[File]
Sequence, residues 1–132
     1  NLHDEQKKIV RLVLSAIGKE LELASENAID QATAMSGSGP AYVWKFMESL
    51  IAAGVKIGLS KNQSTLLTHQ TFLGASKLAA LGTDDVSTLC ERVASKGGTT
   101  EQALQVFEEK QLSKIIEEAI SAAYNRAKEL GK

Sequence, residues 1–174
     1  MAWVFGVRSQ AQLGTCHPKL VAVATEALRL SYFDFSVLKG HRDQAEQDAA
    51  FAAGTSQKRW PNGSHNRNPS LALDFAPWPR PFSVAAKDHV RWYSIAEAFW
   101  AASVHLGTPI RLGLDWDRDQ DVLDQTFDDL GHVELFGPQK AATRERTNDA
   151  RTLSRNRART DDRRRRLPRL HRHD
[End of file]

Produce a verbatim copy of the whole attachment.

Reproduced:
Sequence, residues 1–132
     1  NLHDEQKKIV RLVLSAIGKE LELASENAID QATAMSGSGP AYVWKFMESL
    51  IAAGVKIGLS KNQSTLLTHQ TFLGASKLAA LGTDDVSTLC ERVASKGGTT
   101  EQALQVFEEK QLSKIIEEAI SAAYNRAKEL GK

Sequence, residues 1–174
     1  MAWVFGVRSQ AQLGTCHPKL VAVATEALRL SYFDFSVLKG HRDQAEQDAA
    51  FAAGTSQKRW PNGSHNRNPS LALDFAPWPR PFSVAAKDHV RWYSIAEAFW
   101  AASVHLGTPI RLGLDWDRDQ DVLDQTFDDL GHVELFGPQK AATRERTNDA
   151  RTLSRNRART DDRRRRLPRL HRHD